Blush is powered by Vocal.
Vocal is a platform that provides storytelling tools and engaged communities for writers, musicians, filmmakers, podcasters, and other creators to get discovered and fund their creativity.
How does Vocal work?
Creators share their stories on Vocal’s communities. In return, creators earn money when they are tipped and when their stories are read.
How do I join Vocal?
Vocal welcomes creators of all shapes and sizes. Join for free and start creating.
To learn more about Vocal, visit our resources.Show less
I've never had severe acne, however, I had what dermatologists would refer to as "moderate acne". I always had little pimples on my chin and on my forehead, and my skin was always super oily. When one zit went away, it seemed like two more reappeared the next day. I had tried all of the over-the-counter face washes and spot treatments, but nothing seemed to work.
My skin actually started to get worse my sophomore year of college. I would never leave my dorm room without wearing makeup, and I'm sure always having foundation and concealer on didn't help with my acne. Even around my roommate, I would sometimes feel uncomfortable with a bare face. That's no way to live life, and I wanted clear skin! It didn't seem fair to me that I was 19 years old and still dealing with all of this acne.
So, in the winter of my sophomore year, I visited the dermatologist for the first time. She took a look at my skin and prescribed minocycline. This was an oral drug, and I took it for about a year and a half. After about six weeks I started seeing an improvement in my skin, which was very exciting to me. But, after a few months, my skin's improvement plateaued. While my skin was better than it was before I started taking minocycline, it still wasn't where I wanted it to be.
Right before I was about to head back to school for my senior year of college, I went back to the dermatologist again to inquire about this. This time, she prescribed spironolactone, which is another oral drug. Spironolactone, in higher doses, was originally used to treat hypertension and high blood pressure. But, it is also an androgen blocker, so it helps with hormonal acne, which I had. It's also only for women—androgens (such as testosterone) are masculine hormones... so it makes sense why an androgen-blocking drug wouldn't be prescribed to males.
Now, I think it's important to say—and my dermatologist warned me of this as well before I started taking spironolactone—it is not by any means a quick fix. I was told it would be a minimum of three months before I started seeing improvements. It sounded tough, but it would all be worth it in the end, right?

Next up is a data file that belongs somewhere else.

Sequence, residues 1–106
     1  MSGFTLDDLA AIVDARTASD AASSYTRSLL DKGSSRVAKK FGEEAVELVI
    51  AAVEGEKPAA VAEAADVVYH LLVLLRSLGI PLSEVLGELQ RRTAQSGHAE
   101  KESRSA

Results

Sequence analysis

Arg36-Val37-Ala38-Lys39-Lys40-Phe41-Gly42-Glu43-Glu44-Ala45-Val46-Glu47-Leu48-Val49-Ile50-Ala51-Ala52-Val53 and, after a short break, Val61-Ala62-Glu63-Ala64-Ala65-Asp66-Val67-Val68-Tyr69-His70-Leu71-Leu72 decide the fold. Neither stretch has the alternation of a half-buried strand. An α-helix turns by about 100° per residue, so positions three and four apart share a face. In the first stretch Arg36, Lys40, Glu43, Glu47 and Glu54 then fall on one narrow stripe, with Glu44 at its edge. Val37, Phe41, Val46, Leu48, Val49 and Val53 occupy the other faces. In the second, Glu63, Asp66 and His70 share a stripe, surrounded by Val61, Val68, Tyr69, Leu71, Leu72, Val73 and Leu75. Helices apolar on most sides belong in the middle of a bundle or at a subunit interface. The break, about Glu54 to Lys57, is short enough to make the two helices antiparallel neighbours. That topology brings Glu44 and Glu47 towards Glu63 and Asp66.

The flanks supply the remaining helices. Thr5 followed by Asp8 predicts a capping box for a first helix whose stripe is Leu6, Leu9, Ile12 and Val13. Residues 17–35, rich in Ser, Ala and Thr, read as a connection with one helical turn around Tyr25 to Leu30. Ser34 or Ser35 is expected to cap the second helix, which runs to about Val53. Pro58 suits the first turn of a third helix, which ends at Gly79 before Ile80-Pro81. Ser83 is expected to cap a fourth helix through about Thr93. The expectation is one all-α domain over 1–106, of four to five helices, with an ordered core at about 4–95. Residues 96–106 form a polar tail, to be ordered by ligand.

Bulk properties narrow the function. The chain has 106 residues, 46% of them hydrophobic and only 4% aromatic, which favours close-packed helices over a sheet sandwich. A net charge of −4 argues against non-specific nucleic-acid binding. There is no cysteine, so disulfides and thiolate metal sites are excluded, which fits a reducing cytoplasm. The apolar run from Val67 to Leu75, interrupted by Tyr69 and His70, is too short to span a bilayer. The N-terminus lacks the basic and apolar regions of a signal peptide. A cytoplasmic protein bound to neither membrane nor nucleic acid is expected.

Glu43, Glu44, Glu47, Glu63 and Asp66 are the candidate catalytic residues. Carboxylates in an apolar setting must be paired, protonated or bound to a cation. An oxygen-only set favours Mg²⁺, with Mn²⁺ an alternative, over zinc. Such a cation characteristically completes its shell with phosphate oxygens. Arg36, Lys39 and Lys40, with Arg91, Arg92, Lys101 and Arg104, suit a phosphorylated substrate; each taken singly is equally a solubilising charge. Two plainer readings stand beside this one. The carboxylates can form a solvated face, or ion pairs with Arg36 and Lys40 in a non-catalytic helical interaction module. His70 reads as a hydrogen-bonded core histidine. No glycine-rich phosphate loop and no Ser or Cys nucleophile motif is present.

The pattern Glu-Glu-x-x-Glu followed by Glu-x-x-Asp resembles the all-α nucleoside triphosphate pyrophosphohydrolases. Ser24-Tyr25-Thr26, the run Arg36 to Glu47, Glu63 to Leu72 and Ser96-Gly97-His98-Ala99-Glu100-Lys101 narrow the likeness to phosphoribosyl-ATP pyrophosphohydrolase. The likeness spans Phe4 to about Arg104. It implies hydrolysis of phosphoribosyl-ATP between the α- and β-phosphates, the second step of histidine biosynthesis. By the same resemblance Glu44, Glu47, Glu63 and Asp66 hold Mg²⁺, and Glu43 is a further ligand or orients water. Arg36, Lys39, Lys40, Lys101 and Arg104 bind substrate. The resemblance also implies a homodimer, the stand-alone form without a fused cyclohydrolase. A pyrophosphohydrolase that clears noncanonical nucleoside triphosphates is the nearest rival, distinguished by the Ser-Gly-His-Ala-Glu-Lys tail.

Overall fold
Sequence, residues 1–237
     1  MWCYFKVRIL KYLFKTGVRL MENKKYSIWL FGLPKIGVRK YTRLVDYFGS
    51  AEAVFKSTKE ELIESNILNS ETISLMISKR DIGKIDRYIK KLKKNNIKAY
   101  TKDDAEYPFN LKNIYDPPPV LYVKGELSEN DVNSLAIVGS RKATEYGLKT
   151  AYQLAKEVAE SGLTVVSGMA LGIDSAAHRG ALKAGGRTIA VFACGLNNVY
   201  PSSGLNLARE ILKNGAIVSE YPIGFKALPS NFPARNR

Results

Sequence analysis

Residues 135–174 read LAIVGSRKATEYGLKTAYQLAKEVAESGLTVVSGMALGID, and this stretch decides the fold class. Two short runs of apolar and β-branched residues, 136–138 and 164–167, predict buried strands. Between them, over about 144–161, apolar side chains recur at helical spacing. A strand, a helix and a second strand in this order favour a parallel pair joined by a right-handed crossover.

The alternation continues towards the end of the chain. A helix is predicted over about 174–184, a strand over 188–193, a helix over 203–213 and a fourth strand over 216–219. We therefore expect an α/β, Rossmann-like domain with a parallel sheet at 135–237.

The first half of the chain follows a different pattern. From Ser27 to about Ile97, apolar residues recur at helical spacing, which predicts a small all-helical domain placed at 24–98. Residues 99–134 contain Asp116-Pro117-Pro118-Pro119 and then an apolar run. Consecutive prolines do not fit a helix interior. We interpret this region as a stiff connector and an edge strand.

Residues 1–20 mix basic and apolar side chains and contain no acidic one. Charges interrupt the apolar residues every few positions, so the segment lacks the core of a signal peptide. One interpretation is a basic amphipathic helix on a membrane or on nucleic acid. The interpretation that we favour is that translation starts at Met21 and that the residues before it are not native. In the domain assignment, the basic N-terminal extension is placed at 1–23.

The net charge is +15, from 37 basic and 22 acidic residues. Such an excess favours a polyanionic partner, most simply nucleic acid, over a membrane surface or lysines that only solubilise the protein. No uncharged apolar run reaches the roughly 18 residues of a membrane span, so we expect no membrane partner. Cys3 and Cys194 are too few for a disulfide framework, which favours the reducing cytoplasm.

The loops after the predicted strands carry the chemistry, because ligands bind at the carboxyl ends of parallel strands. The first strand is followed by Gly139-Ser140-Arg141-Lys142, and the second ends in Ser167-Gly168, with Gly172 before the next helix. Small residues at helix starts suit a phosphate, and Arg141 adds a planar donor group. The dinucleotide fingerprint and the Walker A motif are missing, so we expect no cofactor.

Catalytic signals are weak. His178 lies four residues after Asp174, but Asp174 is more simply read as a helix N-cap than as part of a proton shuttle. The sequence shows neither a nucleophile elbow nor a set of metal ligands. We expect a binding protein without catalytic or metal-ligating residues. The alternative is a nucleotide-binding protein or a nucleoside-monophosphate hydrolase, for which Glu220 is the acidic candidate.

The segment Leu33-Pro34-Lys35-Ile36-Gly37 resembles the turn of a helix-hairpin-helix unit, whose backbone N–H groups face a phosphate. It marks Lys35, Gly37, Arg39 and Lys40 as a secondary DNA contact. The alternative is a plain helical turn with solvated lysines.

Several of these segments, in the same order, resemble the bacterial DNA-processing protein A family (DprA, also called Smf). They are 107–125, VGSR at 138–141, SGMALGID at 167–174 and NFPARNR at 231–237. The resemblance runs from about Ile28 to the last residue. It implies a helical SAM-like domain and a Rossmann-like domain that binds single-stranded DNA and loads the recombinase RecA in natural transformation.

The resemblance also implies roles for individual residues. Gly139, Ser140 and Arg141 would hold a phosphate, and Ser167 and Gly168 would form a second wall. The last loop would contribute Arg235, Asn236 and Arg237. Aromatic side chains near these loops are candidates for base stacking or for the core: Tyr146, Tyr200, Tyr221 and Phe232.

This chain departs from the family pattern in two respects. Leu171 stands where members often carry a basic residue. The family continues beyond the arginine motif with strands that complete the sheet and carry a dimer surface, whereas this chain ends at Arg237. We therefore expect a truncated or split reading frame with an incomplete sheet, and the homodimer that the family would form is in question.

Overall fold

Well, not only did it take a while for me to see any improvement, my skin actually got worse before it got better (I was also warned of this). So now not only was I breaking out frequently, but my skin did a complete 180 and was now extremely dry instead of extremely oily. I had dry patches on my face, and my matte foundations could no longer be used because they would cling to said dry patches. It was extremely frustrating. For about a month, my skin was the worst it had ever been.
But, lo and behold, my skin began to improve. After that initial month, it took another month for my skin to get back to where it was before I started taking spironolactone. After that is when the real improvements started. Slowly but surely, the acne cleared up, along with a lot of my acne scars and whiteheads/blackheads.
So all in all, it took about five months from when I started taking spironolactone for my skin to get to where it is now. It's not 100 percent perfect (is anyone's skin?), but it is a million times better than it was prior to taking spiro. My skin tone is more even, I don't have as many whiteheads/blackheads, my skin isn't overly dry or overly oily, and best of all, my acne cleared up. Before taking this medication, I would have at least one new breakout every morning. Now, that almost never happens. The only times I break out are when I'm super stressed, I forget to wash my face/take off my makeup from the night before, or if it's my time of the month.
Adult acne can be aggravating, but I was able to find my solution. I was so reluctant to go to the dermatologist at first (because I am a very stubborn person), but now that my skin is the best it's ever been, I'm so glad that I did end up going. Although you have to be patient while the medication takes its course, the end result is more than worth it. If you're struggling with adult acne, pay your dermatologist a visit. And if they suggest spironolactone, just remember that it was my saving grace, so maybe it will be yours as well. :)
(If you liked reading this article, please consider leaving me a small tip to help support me as a writer. Thanks for reading!)